The Mayor of Capitol Hill | Breaking down Capitol Hill’s McGinn-Murray divide

Bellevue at Republican -- one Capitol Hill checkpoint between Murray and McGinn country (Images: Alex Garland for CHS)

Bellevue at Republican — one Capitol Hill checkpoint between Murray and McGinn country (Images: Alex Garland for CHS)

In Capitol Hill, incumbent Mayor Mike McGinn and Sen. Ed Murray are two Democrats separated by a Republican — street, that is. The Republican Street demarcation is also one that represents a split for the neighborhood at large when it comes to race, income, and housing. CHS previously reported on the border war playing out along the north-south divide between the two candidates for mayor, a divide that in many ways is a microcosm for the race citywide.

“Income is much more of a factor than anything else,” said local political analyst, Ben Anderstone, who created this heat map using primary vote data. “Murray’s strongest blocks were affluent voters.”

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Source: Seattle Times

In the primary, Murray dominated the wealthier homeowner precincts in north Capitol Hill as McGinn took the apartment and food+drink saturated precincts in the central part of the neighborhood. The Capitol Hill split was easily the starkest among any other neighborhood in the city, and strongly resembled the McGinn-Mallahan split from the 2009 general election.

McGinn no doubt continued to charm many Hill voters during his recent CHS interview, where he discussed plans for cheaper housing through density, expanded transportation, and extended bar hours.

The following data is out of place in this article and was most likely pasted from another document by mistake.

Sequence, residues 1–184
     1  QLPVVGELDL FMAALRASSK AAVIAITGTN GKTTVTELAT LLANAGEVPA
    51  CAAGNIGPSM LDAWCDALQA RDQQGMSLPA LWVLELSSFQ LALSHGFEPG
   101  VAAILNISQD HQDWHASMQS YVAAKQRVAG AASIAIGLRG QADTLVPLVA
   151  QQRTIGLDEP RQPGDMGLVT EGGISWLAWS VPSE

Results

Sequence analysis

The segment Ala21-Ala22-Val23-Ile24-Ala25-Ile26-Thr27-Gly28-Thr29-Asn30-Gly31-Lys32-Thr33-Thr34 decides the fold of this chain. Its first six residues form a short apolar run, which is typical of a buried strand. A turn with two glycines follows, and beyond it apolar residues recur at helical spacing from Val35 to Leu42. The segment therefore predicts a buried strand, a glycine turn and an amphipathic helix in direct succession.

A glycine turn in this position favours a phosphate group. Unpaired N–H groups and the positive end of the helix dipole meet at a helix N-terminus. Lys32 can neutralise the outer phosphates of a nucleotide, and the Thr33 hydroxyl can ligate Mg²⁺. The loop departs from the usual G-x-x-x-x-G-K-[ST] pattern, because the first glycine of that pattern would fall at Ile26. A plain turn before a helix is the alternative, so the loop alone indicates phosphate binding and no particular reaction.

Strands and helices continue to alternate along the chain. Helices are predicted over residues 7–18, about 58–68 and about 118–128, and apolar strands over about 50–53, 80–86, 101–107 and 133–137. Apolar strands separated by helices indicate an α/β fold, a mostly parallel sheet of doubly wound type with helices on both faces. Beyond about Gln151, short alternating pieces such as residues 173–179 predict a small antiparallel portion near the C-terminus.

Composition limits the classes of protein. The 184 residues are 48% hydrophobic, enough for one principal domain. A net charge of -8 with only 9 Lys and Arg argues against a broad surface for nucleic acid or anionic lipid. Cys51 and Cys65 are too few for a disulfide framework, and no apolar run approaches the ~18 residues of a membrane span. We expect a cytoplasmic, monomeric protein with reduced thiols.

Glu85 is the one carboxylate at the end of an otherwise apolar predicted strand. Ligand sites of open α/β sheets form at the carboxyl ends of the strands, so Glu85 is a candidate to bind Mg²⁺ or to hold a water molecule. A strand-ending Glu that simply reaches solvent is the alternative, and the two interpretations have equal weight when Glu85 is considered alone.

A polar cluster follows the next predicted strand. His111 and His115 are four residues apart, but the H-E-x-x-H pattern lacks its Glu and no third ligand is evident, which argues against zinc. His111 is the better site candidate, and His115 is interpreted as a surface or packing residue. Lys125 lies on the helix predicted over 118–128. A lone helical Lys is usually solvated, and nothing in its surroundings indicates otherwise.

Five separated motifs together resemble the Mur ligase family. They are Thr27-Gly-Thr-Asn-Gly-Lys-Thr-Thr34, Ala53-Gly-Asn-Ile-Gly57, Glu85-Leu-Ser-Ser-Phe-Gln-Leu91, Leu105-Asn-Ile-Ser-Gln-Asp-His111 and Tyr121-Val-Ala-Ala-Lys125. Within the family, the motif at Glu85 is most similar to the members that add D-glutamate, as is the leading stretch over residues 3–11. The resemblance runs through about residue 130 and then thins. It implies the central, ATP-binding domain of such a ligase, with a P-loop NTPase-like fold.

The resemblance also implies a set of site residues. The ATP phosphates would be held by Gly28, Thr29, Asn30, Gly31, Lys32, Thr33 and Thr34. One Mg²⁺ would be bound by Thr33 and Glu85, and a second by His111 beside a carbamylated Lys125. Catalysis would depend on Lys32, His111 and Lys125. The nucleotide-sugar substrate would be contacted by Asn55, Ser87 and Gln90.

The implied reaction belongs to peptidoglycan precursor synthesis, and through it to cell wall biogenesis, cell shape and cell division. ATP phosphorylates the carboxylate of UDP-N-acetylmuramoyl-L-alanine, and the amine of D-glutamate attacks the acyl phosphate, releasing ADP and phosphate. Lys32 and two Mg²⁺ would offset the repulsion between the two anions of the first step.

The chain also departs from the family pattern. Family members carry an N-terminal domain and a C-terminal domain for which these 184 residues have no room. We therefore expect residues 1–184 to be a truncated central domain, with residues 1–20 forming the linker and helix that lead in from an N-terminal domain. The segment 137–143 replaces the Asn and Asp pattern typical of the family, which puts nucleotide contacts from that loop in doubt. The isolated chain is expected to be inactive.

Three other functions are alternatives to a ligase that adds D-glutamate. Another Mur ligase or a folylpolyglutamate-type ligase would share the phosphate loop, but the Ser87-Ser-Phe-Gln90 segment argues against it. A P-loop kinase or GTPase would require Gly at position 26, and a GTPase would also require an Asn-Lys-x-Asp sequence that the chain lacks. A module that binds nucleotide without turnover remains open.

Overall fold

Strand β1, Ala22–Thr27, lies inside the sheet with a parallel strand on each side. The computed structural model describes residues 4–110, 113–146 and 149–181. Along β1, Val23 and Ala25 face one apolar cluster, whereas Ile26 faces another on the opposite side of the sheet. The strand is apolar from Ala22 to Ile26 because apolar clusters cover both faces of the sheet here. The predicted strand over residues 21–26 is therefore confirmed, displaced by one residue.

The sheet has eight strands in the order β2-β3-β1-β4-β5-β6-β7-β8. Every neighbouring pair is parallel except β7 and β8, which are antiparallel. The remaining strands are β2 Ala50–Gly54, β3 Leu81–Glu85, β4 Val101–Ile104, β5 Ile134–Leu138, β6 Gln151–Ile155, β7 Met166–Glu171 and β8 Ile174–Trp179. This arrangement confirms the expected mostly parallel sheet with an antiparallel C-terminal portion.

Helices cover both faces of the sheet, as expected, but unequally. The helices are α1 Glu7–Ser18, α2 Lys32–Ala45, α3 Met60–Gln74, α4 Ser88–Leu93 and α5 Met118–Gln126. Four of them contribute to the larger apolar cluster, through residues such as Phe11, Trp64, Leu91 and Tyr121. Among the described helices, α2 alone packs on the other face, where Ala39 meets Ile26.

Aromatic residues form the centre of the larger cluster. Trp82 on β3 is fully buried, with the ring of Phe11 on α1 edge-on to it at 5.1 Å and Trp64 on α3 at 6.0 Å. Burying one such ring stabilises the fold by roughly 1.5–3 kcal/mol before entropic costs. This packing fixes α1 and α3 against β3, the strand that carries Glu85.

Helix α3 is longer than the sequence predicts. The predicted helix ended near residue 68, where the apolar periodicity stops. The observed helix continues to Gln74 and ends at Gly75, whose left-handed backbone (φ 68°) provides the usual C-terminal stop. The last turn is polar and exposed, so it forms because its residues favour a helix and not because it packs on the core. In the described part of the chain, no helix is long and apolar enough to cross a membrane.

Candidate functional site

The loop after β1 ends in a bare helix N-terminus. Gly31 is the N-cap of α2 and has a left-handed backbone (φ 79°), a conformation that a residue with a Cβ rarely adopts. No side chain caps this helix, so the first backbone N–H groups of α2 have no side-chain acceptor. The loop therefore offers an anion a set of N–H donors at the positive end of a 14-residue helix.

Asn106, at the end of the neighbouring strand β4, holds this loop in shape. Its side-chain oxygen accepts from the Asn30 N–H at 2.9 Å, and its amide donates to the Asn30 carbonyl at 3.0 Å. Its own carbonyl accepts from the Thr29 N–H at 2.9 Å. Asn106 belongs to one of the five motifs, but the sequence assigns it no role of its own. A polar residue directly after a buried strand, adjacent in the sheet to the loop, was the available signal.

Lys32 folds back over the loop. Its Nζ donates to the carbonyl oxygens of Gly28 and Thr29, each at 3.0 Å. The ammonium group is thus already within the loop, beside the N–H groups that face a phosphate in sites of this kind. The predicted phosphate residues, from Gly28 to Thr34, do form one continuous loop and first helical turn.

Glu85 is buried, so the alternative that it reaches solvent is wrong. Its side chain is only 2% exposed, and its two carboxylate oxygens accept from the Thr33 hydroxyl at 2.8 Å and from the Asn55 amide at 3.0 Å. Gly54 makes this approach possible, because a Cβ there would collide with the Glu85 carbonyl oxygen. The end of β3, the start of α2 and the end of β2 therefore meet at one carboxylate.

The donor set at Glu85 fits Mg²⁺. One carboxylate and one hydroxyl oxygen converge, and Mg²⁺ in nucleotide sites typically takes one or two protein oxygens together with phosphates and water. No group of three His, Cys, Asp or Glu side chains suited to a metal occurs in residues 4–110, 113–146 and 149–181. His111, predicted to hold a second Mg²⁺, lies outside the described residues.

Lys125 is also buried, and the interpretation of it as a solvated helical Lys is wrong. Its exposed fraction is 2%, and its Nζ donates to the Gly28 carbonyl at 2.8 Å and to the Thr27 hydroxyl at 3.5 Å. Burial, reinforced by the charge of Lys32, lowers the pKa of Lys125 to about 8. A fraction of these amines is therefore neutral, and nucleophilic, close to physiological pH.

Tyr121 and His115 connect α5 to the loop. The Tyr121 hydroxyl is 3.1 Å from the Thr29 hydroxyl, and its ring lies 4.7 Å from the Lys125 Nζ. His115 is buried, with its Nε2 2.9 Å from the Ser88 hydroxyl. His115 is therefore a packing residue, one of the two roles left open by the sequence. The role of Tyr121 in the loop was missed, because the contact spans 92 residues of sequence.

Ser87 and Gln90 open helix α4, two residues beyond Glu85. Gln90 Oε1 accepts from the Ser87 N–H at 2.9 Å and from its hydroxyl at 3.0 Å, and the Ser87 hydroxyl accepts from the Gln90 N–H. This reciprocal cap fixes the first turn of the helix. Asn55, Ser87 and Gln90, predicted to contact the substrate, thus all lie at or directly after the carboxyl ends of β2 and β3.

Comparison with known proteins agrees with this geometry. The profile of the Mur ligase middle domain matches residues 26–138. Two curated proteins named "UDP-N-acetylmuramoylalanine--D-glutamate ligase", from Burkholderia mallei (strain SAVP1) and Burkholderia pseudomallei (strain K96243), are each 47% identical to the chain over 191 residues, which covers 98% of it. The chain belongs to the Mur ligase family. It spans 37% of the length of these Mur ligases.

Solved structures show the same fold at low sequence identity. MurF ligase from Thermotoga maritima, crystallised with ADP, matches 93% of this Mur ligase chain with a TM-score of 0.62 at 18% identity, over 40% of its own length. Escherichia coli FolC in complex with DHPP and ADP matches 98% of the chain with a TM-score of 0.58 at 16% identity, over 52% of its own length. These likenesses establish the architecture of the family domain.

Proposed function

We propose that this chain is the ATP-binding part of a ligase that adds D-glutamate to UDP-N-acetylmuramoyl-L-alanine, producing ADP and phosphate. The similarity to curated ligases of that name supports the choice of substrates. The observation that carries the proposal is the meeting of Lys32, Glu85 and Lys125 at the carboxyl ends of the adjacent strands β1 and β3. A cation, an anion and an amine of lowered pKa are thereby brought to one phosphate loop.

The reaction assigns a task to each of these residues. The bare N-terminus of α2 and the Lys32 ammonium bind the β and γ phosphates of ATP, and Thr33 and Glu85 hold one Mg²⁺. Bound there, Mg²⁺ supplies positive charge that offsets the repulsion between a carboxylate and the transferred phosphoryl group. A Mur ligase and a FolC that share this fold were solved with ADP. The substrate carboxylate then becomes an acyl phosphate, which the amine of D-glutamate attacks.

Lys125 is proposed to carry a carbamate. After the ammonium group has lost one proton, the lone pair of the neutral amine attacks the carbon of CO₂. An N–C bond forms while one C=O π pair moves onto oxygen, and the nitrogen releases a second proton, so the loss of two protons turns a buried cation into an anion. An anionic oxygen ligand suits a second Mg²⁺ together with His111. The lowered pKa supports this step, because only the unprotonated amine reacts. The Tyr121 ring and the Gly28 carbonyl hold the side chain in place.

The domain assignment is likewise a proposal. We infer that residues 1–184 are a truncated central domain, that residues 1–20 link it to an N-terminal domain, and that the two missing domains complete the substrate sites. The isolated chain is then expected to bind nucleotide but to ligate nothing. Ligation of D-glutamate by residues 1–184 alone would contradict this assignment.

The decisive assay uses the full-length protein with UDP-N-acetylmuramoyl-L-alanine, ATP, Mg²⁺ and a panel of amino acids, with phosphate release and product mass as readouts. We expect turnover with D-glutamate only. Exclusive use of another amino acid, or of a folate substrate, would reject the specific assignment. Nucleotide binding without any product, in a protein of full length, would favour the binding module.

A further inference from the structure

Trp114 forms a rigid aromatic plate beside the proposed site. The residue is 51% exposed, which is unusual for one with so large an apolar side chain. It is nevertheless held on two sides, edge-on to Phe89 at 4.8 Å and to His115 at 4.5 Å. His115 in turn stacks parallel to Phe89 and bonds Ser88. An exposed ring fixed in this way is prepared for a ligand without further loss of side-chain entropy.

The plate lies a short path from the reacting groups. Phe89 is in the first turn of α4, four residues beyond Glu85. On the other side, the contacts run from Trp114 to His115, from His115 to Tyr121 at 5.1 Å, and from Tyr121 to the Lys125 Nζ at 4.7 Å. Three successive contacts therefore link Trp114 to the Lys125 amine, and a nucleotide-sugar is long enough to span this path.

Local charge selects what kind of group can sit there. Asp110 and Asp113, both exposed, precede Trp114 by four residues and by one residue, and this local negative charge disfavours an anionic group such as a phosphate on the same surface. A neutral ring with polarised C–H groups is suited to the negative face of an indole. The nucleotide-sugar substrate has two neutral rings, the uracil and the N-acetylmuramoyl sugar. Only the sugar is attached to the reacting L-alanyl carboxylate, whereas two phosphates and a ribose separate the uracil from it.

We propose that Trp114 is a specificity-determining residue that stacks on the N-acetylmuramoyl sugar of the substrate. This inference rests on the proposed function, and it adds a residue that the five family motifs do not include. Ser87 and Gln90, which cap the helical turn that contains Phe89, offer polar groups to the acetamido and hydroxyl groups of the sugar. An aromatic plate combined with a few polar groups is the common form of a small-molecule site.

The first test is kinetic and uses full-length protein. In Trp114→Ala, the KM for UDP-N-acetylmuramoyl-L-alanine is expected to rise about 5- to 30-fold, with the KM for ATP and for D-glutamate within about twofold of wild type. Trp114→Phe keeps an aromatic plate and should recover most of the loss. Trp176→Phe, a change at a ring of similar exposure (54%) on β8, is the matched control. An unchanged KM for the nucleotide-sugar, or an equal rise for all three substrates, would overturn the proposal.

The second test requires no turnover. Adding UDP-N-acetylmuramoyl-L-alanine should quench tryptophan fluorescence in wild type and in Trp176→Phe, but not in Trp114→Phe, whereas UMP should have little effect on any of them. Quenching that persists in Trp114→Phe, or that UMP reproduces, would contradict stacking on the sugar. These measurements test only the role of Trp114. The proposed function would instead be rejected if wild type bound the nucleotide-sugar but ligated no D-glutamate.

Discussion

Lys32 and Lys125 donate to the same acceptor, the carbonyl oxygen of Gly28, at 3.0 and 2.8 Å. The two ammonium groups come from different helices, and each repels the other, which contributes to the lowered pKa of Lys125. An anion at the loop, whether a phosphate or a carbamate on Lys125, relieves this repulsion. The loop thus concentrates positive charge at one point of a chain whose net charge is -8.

McGinn’s Capitol Hill base can be found just north and south of Madison, where he doubled Murray votes in several precincts. A similar area was found to be the fastest growing in the neighborhood since 2000. Zooming in further on primary votes, the heart of Pike/Pine went decisively to McGinn, who took 51% of the vote along Pike east of Broadway. However, Murray is still a strong contender in the area. Go west of Broadway to the adjacent precinct and Murray only trailed McGinn by 2 points. Murray is practically a shoe-in on the far east and north sides, particularly around Volunteer Park.

In this race, Murray is the establishment candidate after 18 years representing the Hill in the legislature. In his pre-primary interview with CHS Murray made a point of selling his coalition building skills — partially as a rebuke on the mayor’s stubborn style, which may have less appeal to north-of-Republican dwellers.

The candidates’ respective strongholds within the same neighborhood featuring a range demographics underscores the strangeness of this year’s mayors race: The densest parts of Seattle’s gayborhood turned out for the candidate who did not spend two decades fighting for gay rights, and the city’s most urban-residential neighborhood, Belltown, went to the candidate generally seen as the weaker “urbanist”.

So what can be gleaned from Capitol Hill’s Republican Street divide? First, income does matter. Just take a 10 minute walk north along Harvard crossing Republican to get a sense of the wide span of incomes in the Capitol Hill and what’s partially behind the McGinn-Murray divide.

14th and Prospect -- Murray support grows around Volunteer Park

14th and Prospect — Murray support grows around Volunteer Park

While not broken out by geography, the most recent polling showed McGinn surveyed much stronger with voters who made less than $40K annually, while Murray dominated the $80K plus crowd.

If the election for Seattle mayor were today, who would you vote for? Mike McGinn? Or Ed Murray?